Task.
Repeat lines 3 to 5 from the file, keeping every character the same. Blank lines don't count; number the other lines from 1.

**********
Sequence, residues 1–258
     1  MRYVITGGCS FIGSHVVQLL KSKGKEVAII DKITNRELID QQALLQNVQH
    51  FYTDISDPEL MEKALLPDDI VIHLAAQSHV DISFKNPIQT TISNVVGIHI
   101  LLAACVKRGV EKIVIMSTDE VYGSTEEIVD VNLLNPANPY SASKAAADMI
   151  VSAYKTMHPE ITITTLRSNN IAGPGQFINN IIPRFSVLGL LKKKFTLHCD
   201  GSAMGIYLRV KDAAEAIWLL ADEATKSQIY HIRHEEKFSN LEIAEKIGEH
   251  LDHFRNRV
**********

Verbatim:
    51  FYTDISDPEL MEKALLPDDI VIHLAAQSHV DISFKNPIQT TISNVVGIHI
   101  LLAACVKRGV EKIVIMSTDE VYGSTEEIVD VNLLNPANPY SASKAAADMI
   151  VSAYKTMHPE ITITTLRSNN IAGPGQFINN IIPRFSVLGL LKKKFTLHCD